Evaluating the Income Statement

The income statement is the most revealing document in a financial-advisory practice because this is where you can isolate the management issues, such as poor productivity, poor pricing, or poor cost control. Observing the ratios in relationship to a benchmark and to a trend over several periods will help put the problem into context. Use industry benchmarks, such as those published by Moss Adams and the Financial Planning Association, or other relevant industry standards that are published by...

Profiling the Ideal Buyer

Once you've defined your objectives and created a sales strategy, you're prepared to identify the characteristics of the ideal buyer. For example, if your main objective is to maximize liquidity in the trans action, you'll look for a buyer that's growth oriented, has capital available to fund the growth, will enable you to participate in the growth, and will compensate you for your contribution to it. Of course, if you have the conflicting desire to get out of the business quickly, you'll...

Industry Comparisons

When analyzing a firm for valuation purposes, it is helpful to compare the subject company's operating performance with a benchmark as discussed in chapter 3. This analysis is presented in Figure 5.4. Industry comparisons are from the 2004 FPA Financial Performance Study,1 published by the Financial Planning Association and produced by Moss Adams for companies considered elite ensembles, and from the Annual Statement Studies 2004 2005,2 published by the Risk Management Association (RMA). The...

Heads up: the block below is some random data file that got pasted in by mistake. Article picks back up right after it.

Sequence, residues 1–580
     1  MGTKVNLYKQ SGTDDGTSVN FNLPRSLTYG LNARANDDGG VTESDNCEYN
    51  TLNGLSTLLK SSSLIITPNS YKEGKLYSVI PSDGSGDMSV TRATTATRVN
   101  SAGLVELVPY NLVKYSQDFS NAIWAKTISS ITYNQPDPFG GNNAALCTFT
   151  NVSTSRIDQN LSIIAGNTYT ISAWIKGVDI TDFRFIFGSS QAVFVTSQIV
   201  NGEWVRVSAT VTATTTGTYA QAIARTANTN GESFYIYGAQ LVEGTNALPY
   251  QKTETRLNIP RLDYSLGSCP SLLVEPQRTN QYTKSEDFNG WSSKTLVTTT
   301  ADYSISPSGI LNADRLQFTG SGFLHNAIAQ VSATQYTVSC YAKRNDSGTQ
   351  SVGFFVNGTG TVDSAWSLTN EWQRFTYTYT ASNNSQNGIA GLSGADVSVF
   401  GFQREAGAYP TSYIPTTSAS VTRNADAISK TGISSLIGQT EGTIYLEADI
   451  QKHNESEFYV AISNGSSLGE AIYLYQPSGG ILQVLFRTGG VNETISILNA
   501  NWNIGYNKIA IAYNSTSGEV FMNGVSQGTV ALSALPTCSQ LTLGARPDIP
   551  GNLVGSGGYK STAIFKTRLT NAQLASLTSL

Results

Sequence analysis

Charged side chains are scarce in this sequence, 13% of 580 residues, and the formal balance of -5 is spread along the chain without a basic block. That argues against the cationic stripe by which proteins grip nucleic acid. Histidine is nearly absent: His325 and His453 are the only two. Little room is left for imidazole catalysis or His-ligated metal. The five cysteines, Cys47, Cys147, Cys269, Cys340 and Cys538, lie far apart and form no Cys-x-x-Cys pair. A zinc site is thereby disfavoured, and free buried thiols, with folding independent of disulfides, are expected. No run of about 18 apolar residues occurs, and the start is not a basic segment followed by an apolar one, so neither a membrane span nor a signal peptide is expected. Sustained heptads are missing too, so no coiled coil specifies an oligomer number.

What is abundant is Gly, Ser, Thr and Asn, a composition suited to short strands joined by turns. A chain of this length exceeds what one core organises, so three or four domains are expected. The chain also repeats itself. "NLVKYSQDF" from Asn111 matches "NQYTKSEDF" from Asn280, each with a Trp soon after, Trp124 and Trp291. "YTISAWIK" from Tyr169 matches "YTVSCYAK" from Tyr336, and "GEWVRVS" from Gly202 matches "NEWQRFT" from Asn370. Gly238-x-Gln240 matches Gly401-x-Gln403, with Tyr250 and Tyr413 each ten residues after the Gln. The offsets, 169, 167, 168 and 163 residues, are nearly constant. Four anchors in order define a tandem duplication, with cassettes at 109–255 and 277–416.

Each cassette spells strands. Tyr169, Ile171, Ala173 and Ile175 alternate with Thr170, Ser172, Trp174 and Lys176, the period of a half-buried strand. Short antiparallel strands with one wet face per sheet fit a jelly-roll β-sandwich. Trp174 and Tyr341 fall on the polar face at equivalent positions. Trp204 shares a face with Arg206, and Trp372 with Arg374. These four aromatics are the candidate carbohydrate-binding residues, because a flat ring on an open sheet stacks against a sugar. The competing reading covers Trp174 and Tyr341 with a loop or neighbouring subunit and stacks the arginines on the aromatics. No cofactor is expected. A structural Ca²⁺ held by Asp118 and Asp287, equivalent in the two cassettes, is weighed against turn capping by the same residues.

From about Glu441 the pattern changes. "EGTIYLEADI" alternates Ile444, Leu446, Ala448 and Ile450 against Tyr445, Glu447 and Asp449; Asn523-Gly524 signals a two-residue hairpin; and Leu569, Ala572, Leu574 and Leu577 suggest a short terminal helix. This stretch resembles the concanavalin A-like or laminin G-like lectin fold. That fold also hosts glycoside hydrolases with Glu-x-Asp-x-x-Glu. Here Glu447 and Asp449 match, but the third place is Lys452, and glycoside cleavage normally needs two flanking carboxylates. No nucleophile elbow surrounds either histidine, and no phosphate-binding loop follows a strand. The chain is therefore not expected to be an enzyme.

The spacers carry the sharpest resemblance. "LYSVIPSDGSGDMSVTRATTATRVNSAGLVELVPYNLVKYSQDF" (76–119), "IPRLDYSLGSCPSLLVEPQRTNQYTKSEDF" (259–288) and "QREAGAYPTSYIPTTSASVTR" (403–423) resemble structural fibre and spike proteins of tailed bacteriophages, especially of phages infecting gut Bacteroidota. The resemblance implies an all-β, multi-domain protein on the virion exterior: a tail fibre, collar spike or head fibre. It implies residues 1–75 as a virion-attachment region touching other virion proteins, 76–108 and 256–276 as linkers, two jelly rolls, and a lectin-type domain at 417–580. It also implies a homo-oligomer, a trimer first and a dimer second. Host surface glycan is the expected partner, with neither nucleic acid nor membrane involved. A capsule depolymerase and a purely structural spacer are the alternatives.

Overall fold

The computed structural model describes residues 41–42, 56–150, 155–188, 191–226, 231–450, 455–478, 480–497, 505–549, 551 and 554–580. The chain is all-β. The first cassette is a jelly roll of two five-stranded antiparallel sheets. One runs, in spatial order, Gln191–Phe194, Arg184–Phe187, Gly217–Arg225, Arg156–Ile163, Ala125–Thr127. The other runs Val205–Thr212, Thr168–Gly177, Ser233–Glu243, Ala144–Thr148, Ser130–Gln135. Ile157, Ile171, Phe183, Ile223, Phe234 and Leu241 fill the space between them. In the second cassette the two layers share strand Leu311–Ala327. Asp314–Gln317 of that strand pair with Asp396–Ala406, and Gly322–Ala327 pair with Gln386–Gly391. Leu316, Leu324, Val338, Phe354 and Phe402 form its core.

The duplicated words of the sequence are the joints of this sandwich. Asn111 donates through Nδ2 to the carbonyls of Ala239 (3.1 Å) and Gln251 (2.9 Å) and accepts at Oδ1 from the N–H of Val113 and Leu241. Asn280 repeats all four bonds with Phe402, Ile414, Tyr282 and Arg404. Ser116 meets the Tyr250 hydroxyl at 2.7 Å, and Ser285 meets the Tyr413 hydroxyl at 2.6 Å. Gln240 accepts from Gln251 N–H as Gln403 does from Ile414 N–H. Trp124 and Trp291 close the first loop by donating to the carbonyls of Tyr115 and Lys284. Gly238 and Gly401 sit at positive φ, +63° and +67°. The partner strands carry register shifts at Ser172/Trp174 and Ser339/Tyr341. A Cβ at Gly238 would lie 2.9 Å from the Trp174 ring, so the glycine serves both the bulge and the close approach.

Acknowledgments

A reference book that tackles a complex topic requires the help of many people, and How to Value, Buy, or Sell a Financial-Advisory Practice was no different. We would like to acknowledge the valuable guidance on legal issues we received from Tom Giachetti, who heads the securities practice for the law firm of Stark amp Stark in Princeton, New Jersey Dick Fohn, a partner at Moss Adams, for his guidance on the tax issues and Jet Wales, a principal at Moss Adams Capital, for his insight and...

Calculating the Capitalization Rate

The capitalization rate is the expected return that a buyer requires to be persuaded to invest in a particular business. The capitalization rate takes the discount rate one step further by subtracting an expected growth rate into perpetuity. To calculate the capitalization rate C , subtract the assumed growth rate into perpetuity G from the discount rate calculated in Figure 3.3, that is, C Ke - G . Then calculate capitalized cash flow by dividing one year's forecasted free cash flow by the...

A Financial Advisory Practice

A MANUAL ON MERGERS, ACQUISITIONS, AND TRANSITION PLANNING How to Value, Buy, or Sell a Financial-Advisory Practice Also by Mark Tibergien with Rebecca Pomering Practice Made Perfect The Discipline of Business Management for Financial Advisers Virtual-Office Tools for a High-Margin Practice How Client-Centered Financial Advisers Can Cut Paperwork, Overhead, and Wasted Hours by David J. Drucker and Joel P. Bruckenstein The New Fiduciary Standard The 27 Prudent Investment Practices for Financial...